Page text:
Tuesday, August 16, 2016

Does the World Really Need a Clean Energy 'Moonshot'?

President Obama announces at the U.N. summit in Paris last year a plan to double research and development funding for clean energy research among 20 countries as well as a multibillion-dollar "breakthrough" effort by billionaires led by Bill Gates. (Photo Credit: Department of Energy.) Click to Enlarge.
The Obama administration celebrated the Breakthrough Energy Coalition at last year's Paris climate summit as evidence that some of the world's most successful financiers back the president's agenda of addressing warming.

But the pledge by Microsoft Corp. co-founder Bill Gates and others to channel resources toward revolutionary new energy technologies reopened a long-standing debate over whether billions in private-sector dollars should be spent chasing an "energy miracle" or helping market-ready technologies gain traction.

"I don't think it's an 'either-or' thing; I think it's an 'all' thing," U.S. Special Envoy for Climate Change Jonathan Pershing said of the innovation-versus-deployment conundrum in a recent interview with ClimateWire.

But some clean technology and climate change experts say it's dangerous to send a message that today's technologies aren't enough to help move the world in a less carbon-intensive direction.  By chasing "breakthroughs," they say, Gates and the 27 other members of the investors coalition are encouraging governments and the private sector to reduce their investment in today's technologies, or even giving cover to those who would prefer to delay action.  Those advocates find fault with the Department of Energy's emphasis on early-stage research and with Gates' association with some opponents of mandatory carbon-reduction policies.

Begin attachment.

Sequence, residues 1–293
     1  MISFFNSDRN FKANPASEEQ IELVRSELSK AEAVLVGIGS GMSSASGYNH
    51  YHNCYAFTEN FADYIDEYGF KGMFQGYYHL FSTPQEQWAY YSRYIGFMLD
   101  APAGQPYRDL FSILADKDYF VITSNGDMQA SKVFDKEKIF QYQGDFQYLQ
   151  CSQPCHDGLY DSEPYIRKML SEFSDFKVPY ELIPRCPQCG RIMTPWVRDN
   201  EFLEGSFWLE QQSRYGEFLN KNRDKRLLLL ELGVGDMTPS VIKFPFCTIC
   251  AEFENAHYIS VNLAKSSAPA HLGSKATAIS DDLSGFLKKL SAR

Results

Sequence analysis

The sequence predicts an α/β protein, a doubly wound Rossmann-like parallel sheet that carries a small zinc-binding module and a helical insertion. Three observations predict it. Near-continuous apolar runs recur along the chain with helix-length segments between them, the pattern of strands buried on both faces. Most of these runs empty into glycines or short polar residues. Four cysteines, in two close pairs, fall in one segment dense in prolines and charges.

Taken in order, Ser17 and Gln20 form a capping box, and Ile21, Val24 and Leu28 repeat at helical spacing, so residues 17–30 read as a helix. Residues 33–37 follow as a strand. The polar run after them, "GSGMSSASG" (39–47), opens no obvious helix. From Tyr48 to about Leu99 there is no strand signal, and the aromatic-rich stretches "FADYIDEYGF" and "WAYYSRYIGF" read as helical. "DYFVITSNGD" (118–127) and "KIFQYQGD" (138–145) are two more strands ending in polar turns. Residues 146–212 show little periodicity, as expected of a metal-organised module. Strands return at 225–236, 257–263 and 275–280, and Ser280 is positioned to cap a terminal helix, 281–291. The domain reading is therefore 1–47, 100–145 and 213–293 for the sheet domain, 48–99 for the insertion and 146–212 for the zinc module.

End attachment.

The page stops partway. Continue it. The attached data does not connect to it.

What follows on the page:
"It doesn't really matter if some miracle emerges in the next two decades because CO2 emissions are cumulative," echoed Joe Romm, founding editor of Climate Progress.

Meanwhile, today's technologies are growing as a share of the world's total energy portfolio, and the scale-up is pushing prices down globally.
"The technologies that are going to do most of the emissions reductions are good old-fashioned solar, wind and energy storage," Romm predicted.
Since Gates stood next to Obama on that platform in Le Bourget airfield in November and introduced his coalition, Gates has substantially moderated his tone on current technologies.  A paper explaining the coalition's mission released then touted their potential, especially if gains are made in energy storage, an area many renewable energy advocates wish to see BEC focus on.  And he said in a blog post in June that he didn't see the coalition's quest for a breakthrough as a "zero-sum game."
Still searching for solutions
Romm, who led DOE's Office of Energy Efficiency and Renewable Energy during the 1990s, said the federal government should play a major role in energy deployment along with the kind of research and development Gates envisions.

"We're clearly not investing enough in R&D and deployment," he said.  "To achieve the current unanimous goal of keeping warming below 2 degrees Centigrade, we have to across the board spend more money."

While he was at DOE, the department debated whether to invest in long-term projects that could have a massive environmental payoff or to support companies that could make a dent in the marketplace, and in the end, DOE set its sights on energy research whose payoffs were years away.

"If something looked like it needed 10 years, it looked like a place for the federal government," he said.  In the years since, costs for wind and solar energy have plummeted, so the focus should now be getting renewables online and taking fossil energy off the grid.

"If I had Gates' money or if I were advising Gates, I would not say I'm going to devote all my money to the early-stage part of the process," he added.  "Every part could use more money."

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